4. The invention defined in claim 1, wherein said light source comprises an elongated housing having emission aperture means therein, said housing being uniformly mounted with respect to said reflectors, elongated lamp means in said housing coextensive with said emission aperture means, endless belt means intermediate said lamp means and said emission aperture means within said housing, and drive means mounting and adapted to effect translation of said belt means with respect to said emission aperture means, said belt means being comprised of a plurality of symmetrically disposed adjacent transmittance bands of materials having respectively selected spectral transmittance characteristics, said transmittance bands and said emission aperture means being mutually parallel and being disposed askew of the axis of translation of the said endless belt means.
5. The invention defined in claim 1, wherein said light source comprises a plurality of elongated lamp means uniformly mounted with respect to said reflectors, said lamp means having respectively predetermined spectral emission characteristics and being adapted to be selectively energized.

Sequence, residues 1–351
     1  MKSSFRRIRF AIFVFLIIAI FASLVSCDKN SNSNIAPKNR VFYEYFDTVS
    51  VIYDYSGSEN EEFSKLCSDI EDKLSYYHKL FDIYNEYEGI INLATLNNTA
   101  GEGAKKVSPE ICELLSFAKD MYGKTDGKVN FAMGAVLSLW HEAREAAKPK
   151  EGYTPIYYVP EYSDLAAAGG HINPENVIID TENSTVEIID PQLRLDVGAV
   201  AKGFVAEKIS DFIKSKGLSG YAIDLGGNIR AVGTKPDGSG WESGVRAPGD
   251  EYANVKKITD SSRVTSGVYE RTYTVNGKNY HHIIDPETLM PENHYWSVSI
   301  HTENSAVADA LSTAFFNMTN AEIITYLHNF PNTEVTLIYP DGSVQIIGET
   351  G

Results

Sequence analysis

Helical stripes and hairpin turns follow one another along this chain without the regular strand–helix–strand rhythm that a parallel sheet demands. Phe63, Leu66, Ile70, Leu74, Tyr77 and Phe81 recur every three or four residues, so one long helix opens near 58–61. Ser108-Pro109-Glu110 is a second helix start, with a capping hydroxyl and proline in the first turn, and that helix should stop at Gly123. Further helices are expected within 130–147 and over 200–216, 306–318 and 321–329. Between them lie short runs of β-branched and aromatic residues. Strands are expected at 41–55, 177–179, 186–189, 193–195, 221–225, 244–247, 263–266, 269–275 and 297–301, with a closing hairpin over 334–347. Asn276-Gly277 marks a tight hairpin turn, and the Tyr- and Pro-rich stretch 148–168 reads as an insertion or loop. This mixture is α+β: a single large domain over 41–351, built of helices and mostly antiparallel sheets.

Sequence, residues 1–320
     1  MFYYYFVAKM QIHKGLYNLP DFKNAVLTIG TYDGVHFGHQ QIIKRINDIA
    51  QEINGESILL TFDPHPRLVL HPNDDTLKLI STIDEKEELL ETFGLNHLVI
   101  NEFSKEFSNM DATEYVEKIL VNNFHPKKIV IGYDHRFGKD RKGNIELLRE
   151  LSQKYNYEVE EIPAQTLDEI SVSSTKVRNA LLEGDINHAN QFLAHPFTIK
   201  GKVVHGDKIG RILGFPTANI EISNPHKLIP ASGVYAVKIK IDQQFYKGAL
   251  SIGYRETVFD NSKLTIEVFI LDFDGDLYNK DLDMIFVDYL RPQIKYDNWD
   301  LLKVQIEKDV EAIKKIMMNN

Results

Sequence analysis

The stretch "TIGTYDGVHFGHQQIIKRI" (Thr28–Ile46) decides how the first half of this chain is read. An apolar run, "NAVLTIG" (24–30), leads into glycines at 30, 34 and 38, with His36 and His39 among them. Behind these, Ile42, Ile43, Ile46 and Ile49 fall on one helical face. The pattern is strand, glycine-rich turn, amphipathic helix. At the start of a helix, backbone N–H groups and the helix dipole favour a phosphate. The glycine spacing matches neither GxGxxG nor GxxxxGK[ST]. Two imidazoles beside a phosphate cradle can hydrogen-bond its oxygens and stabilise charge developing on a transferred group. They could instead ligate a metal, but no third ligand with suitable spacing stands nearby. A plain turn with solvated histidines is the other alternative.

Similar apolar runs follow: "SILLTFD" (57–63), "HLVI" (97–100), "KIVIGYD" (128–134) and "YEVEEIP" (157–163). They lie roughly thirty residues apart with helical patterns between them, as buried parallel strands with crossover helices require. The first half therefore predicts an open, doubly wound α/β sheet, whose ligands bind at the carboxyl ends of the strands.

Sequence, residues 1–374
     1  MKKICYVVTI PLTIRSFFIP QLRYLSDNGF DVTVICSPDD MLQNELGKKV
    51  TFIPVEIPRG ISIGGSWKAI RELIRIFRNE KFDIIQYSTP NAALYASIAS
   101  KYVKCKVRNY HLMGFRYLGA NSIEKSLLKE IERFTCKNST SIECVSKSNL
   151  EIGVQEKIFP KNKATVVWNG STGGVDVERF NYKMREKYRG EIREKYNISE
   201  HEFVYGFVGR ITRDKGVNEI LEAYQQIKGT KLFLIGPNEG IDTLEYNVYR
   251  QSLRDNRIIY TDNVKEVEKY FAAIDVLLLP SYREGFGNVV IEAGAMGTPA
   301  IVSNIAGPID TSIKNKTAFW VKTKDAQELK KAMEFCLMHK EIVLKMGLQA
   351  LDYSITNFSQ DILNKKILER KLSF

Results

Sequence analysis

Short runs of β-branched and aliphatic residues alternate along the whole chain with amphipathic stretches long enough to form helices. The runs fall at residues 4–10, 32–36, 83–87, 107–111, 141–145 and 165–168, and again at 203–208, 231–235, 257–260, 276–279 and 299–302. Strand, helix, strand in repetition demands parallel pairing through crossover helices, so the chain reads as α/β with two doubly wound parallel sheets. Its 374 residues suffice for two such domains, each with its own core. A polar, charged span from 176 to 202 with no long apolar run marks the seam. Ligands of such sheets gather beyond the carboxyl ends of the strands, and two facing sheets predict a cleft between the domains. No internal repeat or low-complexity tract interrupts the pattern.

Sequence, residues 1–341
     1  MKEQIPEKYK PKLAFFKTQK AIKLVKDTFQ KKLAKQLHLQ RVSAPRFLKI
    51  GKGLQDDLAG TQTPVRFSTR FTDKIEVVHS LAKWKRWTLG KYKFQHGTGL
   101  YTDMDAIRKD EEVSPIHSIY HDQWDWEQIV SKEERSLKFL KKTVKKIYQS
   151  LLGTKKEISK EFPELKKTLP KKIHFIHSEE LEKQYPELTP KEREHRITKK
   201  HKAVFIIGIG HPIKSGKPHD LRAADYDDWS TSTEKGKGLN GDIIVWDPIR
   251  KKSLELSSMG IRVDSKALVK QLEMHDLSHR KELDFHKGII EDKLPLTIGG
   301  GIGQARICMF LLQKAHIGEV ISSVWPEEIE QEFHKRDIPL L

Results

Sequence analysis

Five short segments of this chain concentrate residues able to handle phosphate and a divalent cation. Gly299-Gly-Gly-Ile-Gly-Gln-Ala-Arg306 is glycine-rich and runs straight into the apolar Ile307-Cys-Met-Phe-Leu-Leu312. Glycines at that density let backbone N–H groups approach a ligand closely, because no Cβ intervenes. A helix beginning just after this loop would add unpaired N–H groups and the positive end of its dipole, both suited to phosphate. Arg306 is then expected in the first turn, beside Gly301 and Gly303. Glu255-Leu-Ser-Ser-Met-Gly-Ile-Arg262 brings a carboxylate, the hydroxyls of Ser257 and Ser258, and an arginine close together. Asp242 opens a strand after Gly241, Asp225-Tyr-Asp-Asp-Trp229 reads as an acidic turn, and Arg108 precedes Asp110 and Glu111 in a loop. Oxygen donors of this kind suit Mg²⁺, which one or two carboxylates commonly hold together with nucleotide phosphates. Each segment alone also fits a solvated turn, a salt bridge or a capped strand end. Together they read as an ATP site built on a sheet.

6. The invention defined in claim 1, wherein one of said reflecting elements includes a plurality of open apertures selectively directing light from said source externally of said illuminating means.
7. Illuminating apparatus comprising a pair of platelike reflecting elements each having a reflecting surface on at least one side thereof, said elements being positioned in spaced relationship with the reflecting surfaces facing one another, a light source disposed between said reflecting elements, a light conducting panel on the outer side of and in overlying relationship with and at least coextensive with at least one reflecting element, reflectors overlying each of a pair of opposing edges of said reflecting elements and said light conducting panel to close the space between said reflecting elements and to receive and direct light from said light source into said opposing edges of said light conducting panel, radiant means at the obverse side of said one reflecting element receiving light transmitted by said light-conducting panel and directing it outwardly thereof, and end members overlying the other set of opposing edges of said reflecting elements and light conducting panel effecting complete concealment of said light source.
8. The invention defined in claim 7, wherein said light source comprises elongated lamp means uniformly mounted with respect to said reflectors.